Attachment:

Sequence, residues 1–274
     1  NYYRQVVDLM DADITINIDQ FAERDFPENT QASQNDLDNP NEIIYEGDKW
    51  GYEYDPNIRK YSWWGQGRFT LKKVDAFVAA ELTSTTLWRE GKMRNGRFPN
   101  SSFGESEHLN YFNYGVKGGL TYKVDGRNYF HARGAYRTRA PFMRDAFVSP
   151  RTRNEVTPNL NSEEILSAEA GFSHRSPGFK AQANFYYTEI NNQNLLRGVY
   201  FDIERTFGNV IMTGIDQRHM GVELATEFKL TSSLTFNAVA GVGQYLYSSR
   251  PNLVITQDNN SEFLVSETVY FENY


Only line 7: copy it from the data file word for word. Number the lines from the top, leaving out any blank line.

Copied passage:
   251  PNLVITQDNN SEFLVSETVY FENY